[12] From 1999 through 2016, 112,646 mine/ERW casualties were recorded, including 28,597 people killed, 80,025 injured, and 4,024 for whom the survival or the fatal outcome of the explosive incident was not known.

[13] A survivor is a person who was injured by mines/ERW and lived.

[14] Casualties were identified in the following States Parties in 2016: Afghanistan, Algeria, Angola, Belarus, BiH, Cambodia, Cameroon, Chad, Chile, Colombia, Croatia, DRC, Guinea-Bissau, Iraq, Kuwait, Mali, Mozambique, Namibia, Niger, Nigeria, Philippines, Poland, Rwanda, Serbia, Somalia, South Sudan, Sudan, Tajikistan, Thailand, Tunisia, Turkey, Uganda, Ukraine, Yemen, and Zimbabwe.

[15] The casualty total for 2016 included the following types of sources, with there often being more than one source for some casualties in a given country: international organizations (3,505); UN and national mine action centers, including reporting from humanitarian mine action operators (2,475); humanitarian mine action operators (826); Monitor media scanning including media scanning by ICBL campaign members and Monitor researchers (362); other NGOs (1,323); and other UN agencies (114). For the year 2016, the Monitor collected casualty data from 22 different national or UN mine action centers in 21 states and other areas.

[16] See, Landmine Monitor 2016 for details on the lack of reporting on improvised mine casualties in Iraq,

[17] Data on injured persons was collected by HI and partners through interviews with displaced people and refugees in Syria, Jordan, and Lebanon between June 2013 and December 2015. Casualty data from Regional Emergency Response Office on the Syrian Crisis – HI, 27 May 2016. The reporting is based on interviews with 68,049 people assessed by HI teams, of which 25,097 were injured: 14,471 in Syria, 7,823 in Jordan, and 2,803 in Lebanon. See, HI factsheet, “Syria: A mutilated future,” Brussels, May 2016, pp. 1–2,; and HI, “New Report: Syrians Maimed and Traumatized by Explosive Weapons,” 20 June 2016,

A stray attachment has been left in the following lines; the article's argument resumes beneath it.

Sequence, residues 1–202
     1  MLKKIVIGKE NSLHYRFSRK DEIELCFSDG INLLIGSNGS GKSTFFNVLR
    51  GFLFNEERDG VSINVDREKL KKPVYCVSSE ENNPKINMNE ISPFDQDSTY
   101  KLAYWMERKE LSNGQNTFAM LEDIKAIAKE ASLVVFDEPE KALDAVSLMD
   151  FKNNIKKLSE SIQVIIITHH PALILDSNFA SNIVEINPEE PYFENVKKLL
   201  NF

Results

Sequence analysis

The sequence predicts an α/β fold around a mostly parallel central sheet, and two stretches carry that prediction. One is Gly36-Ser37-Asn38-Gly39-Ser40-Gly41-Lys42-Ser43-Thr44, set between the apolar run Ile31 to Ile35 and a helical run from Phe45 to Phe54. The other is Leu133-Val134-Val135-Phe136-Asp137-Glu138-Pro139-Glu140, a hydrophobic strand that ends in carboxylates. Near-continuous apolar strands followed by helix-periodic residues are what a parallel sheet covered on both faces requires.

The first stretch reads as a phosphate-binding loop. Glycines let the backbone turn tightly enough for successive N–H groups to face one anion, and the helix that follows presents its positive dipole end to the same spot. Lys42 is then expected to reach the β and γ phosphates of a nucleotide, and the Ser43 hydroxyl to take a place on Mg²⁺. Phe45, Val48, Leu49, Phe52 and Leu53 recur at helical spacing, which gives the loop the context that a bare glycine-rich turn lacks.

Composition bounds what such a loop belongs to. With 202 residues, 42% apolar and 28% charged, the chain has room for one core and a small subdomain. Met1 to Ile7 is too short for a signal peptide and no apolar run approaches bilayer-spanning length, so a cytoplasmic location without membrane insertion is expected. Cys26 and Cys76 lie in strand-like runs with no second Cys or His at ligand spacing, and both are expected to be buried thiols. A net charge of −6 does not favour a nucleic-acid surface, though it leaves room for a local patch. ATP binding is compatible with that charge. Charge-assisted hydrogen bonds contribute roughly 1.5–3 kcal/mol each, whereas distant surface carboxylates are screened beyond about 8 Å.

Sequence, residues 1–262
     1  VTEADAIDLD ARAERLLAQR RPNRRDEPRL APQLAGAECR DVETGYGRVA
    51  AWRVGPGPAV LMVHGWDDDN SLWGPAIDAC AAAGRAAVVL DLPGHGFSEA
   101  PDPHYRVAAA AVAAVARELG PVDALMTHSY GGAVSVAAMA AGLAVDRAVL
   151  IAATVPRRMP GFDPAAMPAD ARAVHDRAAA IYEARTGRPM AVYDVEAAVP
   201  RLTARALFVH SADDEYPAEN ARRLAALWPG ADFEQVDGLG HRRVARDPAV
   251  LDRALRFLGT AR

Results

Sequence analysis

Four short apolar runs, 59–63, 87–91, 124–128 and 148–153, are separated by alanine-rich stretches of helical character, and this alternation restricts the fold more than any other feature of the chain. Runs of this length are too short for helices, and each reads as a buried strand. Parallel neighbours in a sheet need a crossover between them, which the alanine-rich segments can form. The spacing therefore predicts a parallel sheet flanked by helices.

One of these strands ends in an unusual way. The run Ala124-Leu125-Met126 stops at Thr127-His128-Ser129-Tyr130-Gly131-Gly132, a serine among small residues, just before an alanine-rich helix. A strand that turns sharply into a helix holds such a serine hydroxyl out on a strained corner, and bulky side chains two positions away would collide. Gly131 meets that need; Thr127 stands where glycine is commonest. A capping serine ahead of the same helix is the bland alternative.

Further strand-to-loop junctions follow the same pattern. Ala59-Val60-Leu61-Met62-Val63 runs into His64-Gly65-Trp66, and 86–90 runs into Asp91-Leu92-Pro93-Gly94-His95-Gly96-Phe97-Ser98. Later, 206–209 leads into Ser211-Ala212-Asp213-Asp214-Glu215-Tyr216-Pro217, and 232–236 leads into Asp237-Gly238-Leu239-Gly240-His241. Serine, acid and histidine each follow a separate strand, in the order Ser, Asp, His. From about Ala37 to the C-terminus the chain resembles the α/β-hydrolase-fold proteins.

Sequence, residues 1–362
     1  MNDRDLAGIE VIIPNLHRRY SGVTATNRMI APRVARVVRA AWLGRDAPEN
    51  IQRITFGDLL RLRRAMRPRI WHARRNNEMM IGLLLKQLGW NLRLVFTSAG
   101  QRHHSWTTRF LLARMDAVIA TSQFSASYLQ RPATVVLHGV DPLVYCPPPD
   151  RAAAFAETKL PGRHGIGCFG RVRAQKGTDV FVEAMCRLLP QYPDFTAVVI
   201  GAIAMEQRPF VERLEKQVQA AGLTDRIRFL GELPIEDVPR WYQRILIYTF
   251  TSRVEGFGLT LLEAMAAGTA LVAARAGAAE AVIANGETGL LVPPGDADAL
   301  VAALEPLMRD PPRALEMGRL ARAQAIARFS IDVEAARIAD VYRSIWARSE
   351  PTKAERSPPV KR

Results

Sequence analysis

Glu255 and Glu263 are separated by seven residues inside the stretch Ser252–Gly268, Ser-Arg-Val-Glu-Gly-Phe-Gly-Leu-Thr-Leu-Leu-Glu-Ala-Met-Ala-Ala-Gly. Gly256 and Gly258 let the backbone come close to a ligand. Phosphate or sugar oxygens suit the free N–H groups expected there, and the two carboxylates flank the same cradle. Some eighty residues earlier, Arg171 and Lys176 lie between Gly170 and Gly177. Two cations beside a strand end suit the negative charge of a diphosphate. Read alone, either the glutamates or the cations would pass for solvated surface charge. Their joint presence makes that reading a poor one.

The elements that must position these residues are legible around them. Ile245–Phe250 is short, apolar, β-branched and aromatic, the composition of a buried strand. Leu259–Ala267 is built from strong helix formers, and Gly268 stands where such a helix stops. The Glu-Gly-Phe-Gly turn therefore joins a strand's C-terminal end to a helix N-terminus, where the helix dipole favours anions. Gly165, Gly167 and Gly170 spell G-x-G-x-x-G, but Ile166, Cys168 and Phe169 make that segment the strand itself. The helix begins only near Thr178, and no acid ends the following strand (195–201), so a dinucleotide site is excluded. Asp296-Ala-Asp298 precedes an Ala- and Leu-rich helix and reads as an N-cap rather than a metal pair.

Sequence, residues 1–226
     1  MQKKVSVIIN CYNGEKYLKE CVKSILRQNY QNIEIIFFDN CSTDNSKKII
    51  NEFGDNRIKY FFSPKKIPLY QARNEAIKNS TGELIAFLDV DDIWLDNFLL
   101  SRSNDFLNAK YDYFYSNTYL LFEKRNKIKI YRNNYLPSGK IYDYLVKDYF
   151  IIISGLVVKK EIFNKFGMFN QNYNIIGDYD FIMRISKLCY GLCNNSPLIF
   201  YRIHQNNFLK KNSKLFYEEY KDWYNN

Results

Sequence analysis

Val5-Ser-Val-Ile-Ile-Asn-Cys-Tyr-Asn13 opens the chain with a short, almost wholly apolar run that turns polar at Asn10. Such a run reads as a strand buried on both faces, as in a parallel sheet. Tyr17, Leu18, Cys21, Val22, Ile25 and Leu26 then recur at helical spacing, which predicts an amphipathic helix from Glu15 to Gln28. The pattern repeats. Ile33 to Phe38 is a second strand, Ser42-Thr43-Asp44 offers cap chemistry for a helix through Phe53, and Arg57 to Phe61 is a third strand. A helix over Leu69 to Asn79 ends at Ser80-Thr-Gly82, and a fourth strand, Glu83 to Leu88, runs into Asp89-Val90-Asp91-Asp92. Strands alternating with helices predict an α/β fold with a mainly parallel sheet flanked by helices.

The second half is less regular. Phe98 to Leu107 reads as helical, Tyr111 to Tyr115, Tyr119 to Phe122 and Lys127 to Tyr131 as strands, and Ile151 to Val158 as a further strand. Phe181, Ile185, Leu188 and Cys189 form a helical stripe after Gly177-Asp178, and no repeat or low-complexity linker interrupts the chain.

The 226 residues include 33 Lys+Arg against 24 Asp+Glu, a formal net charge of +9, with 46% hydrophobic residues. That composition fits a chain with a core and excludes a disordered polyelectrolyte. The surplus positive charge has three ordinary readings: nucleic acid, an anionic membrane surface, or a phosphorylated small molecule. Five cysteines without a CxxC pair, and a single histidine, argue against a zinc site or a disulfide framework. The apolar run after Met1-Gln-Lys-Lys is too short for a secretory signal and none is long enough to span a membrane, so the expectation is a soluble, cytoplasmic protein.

[18] ICRC, “Annual Report 2016,” Geneva, May 2017, p. 504,

[19] ICRC, “Annual Report 2015,” Geneva, 2016, p. 526; and email from Rima Kamal, ICRC Yemen, 7 June 2016.

[20] ICRC, “Annual Report 2015,” Geneva, 2016, p. 526; and email from Rima Kamal, ICRC Yemen, 7 June 2016.

[21] Interview with Mohamed Al Osta, YEMAC Sanaa, April 2017.

[22] Information provided by UNDP Aden officer, in email from Aisha Saeed, Cluster Munition Monitor, 12 April 2017. Some slightly differing casualty figures were reported for the period, accordingly: by February 2017, 566 people injured by ERW in Aden, Abyan, and Lahj governorates and by March 2017, 632 people were injured by ERW since March 2015 in Aden, Abyan, Lahj, Al-Dhale, and Taizz. At least 17 wounded by landmines, including nine by antipersonnel mines. Email from Iskander Yousef, Danish Demining Group (DDG), 12 April 2017.

[23] The ICRC supported four hospitals in Benghazi, Misrata, Sabha, and Tripoli.